We normally think of irritation as a superficial, mood-dependent emotion, a fleeting sense of discomfort that recedes into indifference. Yet science has privileged it as positive and fundamental. Writing in 1948 in Cybernetics, Norbert Wiener in this way names irritability as “the third fundamental phenomenon of life” after metabolism and reproduction, and related to entropy as “a measure of a degree of disorganization.”
Wiener’s interest in life phenomena related to his theoretical work on “learning machines,” as he called them, and whose electronic circuits he analogized with the “animal nervous system.” This notion of machinal organicity turned out to be more complex than Wiener suggested—after all, machines don’t have the plasticity of animal bodies. Yet we can still appreciate the materialist tendency in his speculations through which he questions the location of life itself. The immediate background for this is how in our era, life itself—understood as a human and more-than-human, ecologically shared condition—is slipping away. We know how digital entities and processes mirror attributes of (human) life, but as Silvia Federici points out, “What threatens us are not only that the machines are taking over, but also that we are becoming like machines.” As foretold by so much critical theory, and by so many sci-fi stories, this implies that the future holds a reduction of affect that inures human subjects to human suffering and catastrophic ecological change: this hegemonic biopolitical operation dulls and defuses life in order to make it controllable and profitable, with the result that life and the conditions for its reproduction are damaged, often irreversibly. It seems that irritability can open up to a complex of issues related to life as a necessarily layered phenomenon whose parts implicate their codependency.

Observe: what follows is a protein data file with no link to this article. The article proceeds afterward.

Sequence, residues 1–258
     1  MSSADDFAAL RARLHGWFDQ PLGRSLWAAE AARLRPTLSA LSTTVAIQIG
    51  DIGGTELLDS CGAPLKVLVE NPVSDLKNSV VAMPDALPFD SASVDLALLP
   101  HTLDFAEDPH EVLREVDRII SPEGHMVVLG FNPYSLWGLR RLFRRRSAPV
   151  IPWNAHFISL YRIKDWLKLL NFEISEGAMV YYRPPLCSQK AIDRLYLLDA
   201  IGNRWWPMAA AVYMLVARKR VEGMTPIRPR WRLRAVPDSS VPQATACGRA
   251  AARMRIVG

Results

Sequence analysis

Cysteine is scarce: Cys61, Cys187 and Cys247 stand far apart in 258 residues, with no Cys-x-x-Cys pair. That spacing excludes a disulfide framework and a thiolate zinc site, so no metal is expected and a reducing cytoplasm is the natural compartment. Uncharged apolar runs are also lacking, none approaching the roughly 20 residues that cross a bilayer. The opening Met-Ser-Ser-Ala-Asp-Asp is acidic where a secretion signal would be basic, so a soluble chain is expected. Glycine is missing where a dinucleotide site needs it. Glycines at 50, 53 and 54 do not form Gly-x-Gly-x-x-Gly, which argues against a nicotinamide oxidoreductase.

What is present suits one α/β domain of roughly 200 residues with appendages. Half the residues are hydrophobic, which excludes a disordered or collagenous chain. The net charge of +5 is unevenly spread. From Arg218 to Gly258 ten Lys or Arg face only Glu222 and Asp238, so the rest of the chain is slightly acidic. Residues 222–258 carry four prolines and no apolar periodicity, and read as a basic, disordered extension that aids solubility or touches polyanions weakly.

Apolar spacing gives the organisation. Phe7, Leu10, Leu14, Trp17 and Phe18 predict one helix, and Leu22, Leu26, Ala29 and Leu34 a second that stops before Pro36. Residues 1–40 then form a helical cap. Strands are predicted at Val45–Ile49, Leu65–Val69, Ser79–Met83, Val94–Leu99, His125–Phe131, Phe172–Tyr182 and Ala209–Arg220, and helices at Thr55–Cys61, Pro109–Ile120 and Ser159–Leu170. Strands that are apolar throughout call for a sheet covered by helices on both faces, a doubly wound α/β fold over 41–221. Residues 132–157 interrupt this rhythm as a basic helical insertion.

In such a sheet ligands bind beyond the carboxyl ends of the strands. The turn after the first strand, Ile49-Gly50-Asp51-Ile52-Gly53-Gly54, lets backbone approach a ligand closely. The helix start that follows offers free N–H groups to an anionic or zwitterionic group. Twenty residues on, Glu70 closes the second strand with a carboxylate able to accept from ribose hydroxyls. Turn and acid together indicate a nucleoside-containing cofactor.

It is instructive to consider deep epistemologies on which contemporaneity is built, but are now more or less defunct—in this case cybernetics as a theory that informed our digital era and its prehistories.